Democrats scoffed at the Republican argument about the court's workload, saying it was concocted for partisan reasons to prevent Obama from naming more judges to the court.
Only one judge nominated by Obama sits on the court, Sri Srinivasan. He was confirmed unanimously in May. Several weeks later, Obama nominated Millett, Georgetown University law professor Nina Pillard, and Robert Wilkins, a federal trial-court judge in Washington to fill the court's three vacancies.
Millett was nominated to fill the seat previously held by John Roberts, who became chief justice in 2005, two years after he was confirmed to the appellate court. The seat has been vacant since then.
During the presidency of George W. Bush, Senate Republicans confirmed four of his nominations — including that of Roberts — to the D.C. Circuit. "President Obama is being treated differently than President Bush was," Leahy said in a floor speech.
Two Republicans who voted to consider Millett's nomination, Susan Collins of Maine and Lisa Murkowski of Alaska, suggested a possible compromise on the three appeals-court nominations.
Yesterday, Collins said she had "raised the issue" with Obama. She told reporters that under this scenario, the Senate would confirm Millett and pass a revised version of legislation sponsored by Iowa Republican Charles Grassley to eliminate the two other vacancies.
Grassley's current bill would cap the number of judges on the D.C. Circuit at its current level of eight, eliminating all three vacancies.
Murkowski said she didn't agree that confirming Millett would amount to "court stacking" if the other two seats are transferred to other courts, as Grassley's bill would do.
Adam Jentleson, a spokesman for Reid, said Democrats weren't interested in such a compromise. He said Reid may seek votes next month on both Millett and Watt.
The vote on Millett followed the Senate's action on Watt's nomination as director of the FHFA. The agency oversees Fannie Mae and Freddie Mac, the mortgage financiers that have operated under U.S. conservatorship since they were seized amid losses in 2008.
According to the Senate Library, the last time the Senate failed to confirm a member of Congress for an important executive-branch post was in 1843, when the chamber rejected the nomination of Caleb Cushing, a Massachusetts congressman, as Treasury secretary.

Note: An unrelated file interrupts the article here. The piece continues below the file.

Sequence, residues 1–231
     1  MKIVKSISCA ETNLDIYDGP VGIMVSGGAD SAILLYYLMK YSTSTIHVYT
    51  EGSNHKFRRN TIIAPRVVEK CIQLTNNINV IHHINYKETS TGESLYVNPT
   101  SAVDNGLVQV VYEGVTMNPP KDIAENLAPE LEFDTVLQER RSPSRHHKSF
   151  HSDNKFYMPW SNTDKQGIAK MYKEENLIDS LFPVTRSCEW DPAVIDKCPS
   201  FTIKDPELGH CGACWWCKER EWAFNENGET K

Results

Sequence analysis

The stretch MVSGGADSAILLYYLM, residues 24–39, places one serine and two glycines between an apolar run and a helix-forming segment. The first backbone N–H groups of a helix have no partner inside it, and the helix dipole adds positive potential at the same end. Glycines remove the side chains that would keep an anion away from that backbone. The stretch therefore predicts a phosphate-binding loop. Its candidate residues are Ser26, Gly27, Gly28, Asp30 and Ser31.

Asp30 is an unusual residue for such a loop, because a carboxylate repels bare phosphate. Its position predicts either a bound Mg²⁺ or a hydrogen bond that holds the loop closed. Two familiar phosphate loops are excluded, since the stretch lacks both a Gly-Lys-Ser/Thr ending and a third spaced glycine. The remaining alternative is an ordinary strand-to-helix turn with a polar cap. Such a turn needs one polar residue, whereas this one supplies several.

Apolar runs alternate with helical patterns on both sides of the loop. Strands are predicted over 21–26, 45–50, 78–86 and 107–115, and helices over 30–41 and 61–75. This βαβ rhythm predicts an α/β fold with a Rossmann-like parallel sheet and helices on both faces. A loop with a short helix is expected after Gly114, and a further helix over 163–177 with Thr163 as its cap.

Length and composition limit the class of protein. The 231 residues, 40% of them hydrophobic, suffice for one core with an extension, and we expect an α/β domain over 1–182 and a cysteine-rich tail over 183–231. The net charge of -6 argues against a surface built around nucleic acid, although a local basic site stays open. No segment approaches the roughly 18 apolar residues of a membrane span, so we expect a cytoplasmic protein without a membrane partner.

The White House began a push this week to get Watt confirmed. National Economic Council Director Gene Sperling and other administration officials met Oct. 28 with housing industry representatives at the White House and asked for their help finding the needed votes. At the same time, two influential small-government groups, Heritage Action for America and the Club for Growth, said they would include the Watt vote in their legislative scorecards.
Republicans have criticized Watt's past support for Fannie Mae and Freddie Mac and his qualifications for the job. Watt, 68, has served in Congress since 1992. Republican resistance to the nomination has centered on a view that the leadership of FHFA is better suited to a person with technical, rather than political, expertise. Watt, a lawyer, has advocated forcing Fannie and Freddie to reduce the principal on troubled outstanding mortgages to assist homeowners, a position opposed by Republicans.
The filibusters capped a week in which Obama won confirmation of five other nominees whose appointments had languished on the Senate calendar for as long as six months. They included the nominations of Treasury Secretary Jacob Lew to the International Monetary Fund's board of governors and of Thomas Wheeler as Federal Communications Commission chairman. Wheeler's nomination was approved unanimously after Texas Republican Sen. Ted Cruz lifted a hold on the appointment.